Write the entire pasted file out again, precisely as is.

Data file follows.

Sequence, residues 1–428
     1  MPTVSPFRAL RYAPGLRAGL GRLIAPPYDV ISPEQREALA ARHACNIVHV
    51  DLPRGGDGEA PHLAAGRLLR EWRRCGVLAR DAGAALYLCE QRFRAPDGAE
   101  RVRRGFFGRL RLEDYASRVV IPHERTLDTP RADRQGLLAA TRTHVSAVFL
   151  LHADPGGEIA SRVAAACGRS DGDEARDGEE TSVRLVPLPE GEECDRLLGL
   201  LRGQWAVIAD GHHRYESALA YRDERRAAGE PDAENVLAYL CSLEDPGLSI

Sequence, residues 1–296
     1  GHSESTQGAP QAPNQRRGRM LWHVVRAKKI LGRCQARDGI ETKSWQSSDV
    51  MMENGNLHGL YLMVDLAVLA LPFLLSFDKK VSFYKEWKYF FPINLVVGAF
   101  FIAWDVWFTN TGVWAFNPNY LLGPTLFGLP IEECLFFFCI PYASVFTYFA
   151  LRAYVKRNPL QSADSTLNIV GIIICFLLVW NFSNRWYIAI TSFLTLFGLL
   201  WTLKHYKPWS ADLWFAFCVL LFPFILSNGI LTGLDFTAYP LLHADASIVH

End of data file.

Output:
Sequence, residues 1–428
     1  MPTVSPFRAL RYAPGLRAGL GRLIAPPYDV ISPEQREALA ARHACNIVHV
    51  DLPRGGDGEA PHLAAGRLLR EWRRCGVLAR DAGAALYLCE QRFRAPDGAE
   101  RVRRGFFGRL RLEDYASRVV IPHERTLDTP RADRQGLLAA TRTHVSAVFL
   151  LHADPGGEIA SRVAAACGRS DGDEARDGEE TSVRLVPLPE GEECDRLLGL
   201  LRGQWAVIAD GHHRYESALA YRDERRAAGE PDAENVLAYL CSLEDPGLSI

Sequence, residues 1–296
     1  GHSESTQGAP QAPNQRRGRM LWHVVRAKKI LGRCQARDGI ETKSWQSSDV
    51  MMENGNLHGL YLMVDLAVLA LPFLLSFDKK VSFYKEWKYF FPINLVVGAF
   101  FIAWDVWFTN TGVWAFNPNY LLGPTLFGLP IEECLFFFCI PYASVFTYFA
   151  LRAYVKRNPL QSADSTLNIV GIIICFLLVW NFSNRWYIAI TSFLTLFGLL
   201  WTLKHYKPWS ADLWFAFCVL LFPFILSNGI LTGLDFTAYP LLHADASIVH